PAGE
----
AN EGYPTIAN LIMESTONE HEAD OF A QUEEN OR PRINCESS
AN EGYPTIAN LIMESTONE HEAD OF A QUEEN OR PRINCESS
AN EGYPTIAN LIMESTONE HEAD OF A QUEEN OR PRINCESS
AN EGYPTIAN LIMESTONE HEAD OF A QUEEN OR PRINCESS
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PROPERTY FROM A PRINCELY COLLECTION
AN EGYPTIAN BLUE FAIENCE COSMETIC DISH IN THE SHAPE OF AN ORYX

NEW KINGDOM TO LATE PERIOD, CIRCA 1388-332 B.C.

Details
AN EGYPTIAN BLUE FAIENCE COSMETIC DISH IN THE SHAPE OF AN ORYX
NEW KINGDOM TO LATE PERIOD, CIRCA 1388-332 B.C.
3 ¼ in. (8.3 cm.) long
Provenance
F. G. Hilton-Price collection, London.
Catalogue of the Important and Extensive Collection of Egyptian Antiquities the Property of the late F.G. Hilton-Price, Esq., Director of the Society of Antiquaries, Sotheby, Wilkinson & Hodge, London, 17-21 July 1911, lot 689, pl. XVI.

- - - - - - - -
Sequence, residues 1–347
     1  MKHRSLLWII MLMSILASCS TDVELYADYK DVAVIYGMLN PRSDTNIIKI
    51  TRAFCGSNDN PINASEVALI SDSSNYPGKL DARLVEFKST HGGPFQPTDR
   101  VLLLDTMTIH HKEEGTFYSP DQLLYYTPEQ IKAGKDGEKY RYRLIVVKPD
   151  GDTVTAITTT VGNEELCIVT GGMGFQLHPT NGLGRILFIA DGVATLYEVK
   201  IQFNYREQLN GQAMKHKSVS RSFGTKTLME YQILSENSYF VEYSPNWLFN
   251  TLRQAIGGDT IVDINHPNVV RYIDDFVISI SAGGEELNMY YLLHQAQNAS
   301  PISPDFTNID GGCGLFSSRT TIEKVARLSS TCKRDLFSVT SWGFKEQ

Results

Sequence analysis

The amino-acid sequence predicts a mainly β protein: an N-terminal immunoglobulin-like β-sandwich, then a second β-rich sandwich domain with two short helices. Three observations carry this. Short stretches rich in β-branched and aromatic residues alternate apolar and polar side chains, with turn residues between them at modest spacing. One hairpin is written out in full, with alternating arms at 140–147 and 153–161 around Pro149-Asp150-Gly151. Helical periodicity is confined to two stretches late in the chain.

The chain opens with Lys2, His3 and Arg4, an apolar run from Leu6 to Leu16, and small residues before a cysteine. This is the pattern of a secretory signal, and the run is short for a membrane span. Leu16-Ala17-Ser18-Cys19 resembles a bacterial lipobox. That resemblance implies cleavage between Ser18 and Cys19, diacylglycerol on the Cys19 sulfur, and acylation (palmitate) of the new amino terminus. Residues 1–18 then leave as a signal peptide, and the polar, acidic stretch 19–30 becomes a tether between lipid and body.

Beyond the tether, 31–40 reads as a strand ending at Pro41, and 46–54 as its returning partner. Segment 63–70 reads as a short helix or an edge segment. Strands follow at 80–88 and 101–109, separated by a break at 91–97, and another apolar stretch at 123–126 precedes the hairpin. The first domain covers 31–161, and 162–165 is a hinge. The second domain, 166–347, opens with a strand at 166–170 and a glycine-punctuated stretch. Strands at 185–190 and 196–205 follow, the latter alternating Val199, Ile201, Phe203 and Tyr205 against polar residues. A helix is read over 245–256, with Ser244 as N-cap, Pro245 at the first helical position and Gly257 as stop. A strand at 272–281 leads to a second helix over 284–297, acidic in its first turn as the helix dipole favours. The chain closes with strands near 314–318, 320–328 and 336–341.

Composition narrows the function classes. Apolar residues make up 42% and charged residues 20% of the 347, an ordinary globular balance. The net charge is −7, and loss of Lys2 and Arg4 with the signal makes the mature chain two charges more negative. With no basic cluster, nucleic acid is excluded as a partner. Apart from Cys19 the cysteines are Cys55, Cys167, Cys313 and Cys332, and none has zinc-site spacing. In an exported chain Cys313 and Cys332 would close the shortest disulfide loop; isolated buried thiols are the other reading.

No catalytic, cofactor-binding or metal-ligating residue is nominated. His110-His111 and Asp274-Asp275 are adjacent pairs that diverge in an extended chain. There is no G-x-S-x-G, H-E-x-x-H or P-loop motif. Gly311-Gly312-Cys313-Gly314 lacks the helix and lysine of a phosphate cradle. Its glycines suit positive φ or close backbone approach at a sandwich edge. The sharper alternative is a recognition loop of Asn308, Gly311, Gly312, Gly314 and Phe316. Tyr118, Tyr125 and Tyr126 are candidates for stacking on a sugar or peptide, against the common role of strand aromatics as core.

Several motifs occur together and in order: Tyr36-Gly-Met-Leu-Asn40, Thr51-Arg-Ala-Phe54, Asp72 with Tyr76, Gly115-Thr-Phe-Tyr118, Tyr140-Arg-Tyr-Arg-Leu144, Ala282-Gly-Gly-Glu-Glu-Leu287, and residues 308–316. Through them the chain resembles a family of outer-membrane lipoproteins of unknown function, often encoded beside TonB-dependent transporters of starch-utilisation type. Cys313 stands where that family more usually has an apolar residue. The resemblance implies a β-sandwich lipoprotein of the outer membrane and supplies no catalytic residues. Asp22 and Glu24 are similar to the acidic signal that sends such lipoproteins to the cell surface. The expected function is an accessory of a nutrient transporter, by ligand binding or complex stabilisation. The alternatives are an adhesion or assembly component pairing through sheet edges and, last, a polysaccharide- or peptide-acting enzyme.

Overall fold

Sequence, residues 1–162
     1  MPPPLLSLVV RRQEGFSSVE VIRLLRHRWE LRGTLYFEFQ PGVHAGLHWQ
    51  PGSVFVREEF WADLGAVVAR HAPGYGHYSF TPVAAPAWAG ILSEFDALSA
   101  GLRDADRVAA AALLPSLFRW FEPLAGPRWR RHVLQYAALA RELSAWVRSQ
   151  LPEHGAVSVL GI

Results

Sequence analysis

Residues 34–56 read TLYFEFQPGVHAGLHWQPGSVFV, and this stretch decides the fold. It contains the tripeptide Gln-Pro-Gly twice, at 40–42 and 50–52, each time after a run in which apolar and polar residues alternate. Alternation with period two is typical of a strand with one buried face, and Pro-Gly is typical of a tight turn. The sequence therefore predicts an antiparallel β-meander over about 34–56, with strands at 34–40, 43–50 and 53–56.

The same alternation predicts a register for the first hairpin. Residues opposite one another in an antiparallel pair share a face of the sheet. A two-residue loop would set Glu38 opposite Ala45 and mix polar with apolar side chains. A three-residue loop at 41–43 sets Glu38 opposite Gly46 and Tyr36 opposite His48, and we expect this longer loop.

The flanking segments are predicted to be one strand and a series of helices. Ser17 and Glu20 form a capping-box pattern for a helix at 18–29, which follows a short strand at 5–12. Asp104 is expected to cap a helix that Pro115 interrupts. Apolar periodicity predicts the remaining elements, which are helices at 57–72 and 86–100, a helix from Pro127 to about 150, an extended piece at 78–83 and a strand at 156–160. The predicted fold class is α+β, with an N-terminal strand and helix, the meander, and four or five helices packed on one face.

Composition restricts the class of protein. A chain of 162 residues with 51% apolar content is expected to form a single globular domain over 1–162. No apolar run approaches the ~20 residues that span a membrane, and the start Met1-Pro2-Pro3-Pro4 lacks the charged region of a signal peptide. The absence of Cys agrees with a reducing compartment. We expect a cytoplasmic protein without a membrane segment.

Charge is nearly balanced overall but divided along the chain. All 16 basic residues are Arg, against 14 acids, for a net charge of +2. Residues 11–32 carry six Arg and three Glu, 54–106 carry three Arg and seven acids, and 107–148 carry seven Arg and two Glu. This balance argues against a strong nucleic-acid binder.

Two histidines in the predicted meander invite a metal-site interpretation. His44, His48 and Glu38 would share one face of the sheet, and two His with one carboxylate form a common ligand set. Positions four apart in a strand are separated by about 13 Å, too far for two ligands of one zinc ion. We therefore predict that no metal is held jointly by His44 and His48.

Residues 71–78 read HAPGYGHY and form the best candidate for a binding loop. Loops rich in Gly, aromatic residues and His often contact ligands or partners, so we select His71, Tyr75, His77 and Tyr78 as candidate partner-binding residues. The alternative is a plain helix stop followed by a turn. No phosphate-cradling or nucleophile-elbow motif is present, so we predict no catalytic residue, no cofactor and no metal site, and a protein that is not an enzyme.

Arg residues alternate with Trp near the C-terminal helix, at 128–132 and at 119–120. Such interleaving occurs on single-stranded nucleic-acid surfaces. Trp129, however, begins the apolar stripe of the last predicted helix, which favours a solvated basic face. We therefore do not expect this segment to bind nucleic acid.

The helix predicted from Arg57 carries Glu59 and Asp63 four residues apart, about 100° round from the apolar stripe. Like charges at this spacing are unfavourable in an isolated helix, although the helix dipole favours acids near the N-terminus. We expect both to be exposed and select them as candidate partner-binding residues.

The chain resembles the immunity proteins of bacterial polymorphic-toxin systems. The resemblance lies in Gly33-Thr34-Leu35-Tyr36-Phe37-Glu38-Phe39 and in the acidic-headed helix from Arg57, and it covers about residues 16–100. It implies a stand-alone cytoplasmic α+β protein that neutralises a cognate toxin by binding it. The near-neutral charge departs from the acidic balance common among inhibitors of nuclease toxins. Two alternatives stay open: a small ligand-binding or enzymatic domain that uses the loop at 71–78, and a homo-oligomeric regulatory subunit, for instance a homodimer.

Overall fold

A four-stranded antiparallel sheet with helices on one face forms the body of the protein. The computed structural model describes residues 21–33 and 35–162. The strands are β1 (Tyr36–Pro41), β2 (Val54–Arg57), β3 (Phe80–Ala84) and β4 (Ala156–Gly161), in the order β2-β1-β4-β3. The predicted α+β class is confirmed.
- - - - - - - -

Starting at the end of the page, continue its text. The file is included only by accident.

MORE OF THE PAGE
Comtesse Martine-Marie-Octavie Pol de Béhague (1870-1939), Paris; thence by descent to Marquis Jean-Louis Hubert de Ganay (1922-2013), France.
Antiquités et Objets d'Art: Collection de Martine, Comtesse de Béhague, Provenant de la Succession du Marquis de Ganay, Sotheby's, Monaco, 5 December 1987, lot 75.
with Galerie Günter Puhze, Germany, 2008.

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Claudio Corsi
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Lot Essay

This shallow cosmetic container or spoon is shaped in the form of an Egyptian antelope, now extinct, called the scimitar oryx, which is easily distinguished by the slender, long horns. The Egyptians attempted to domesticate this species during the Old Kingdom and to use it as a food source for gods and humans. Typically it is shown bound, because it was considered an enemy of Osiris.
For a similar faience dish without spots, see Eton College, Myers Museum, inv. no. ECM.799-2010, and a larger dish in wood in the Brooklyn Museum, acc. no. 49.54.

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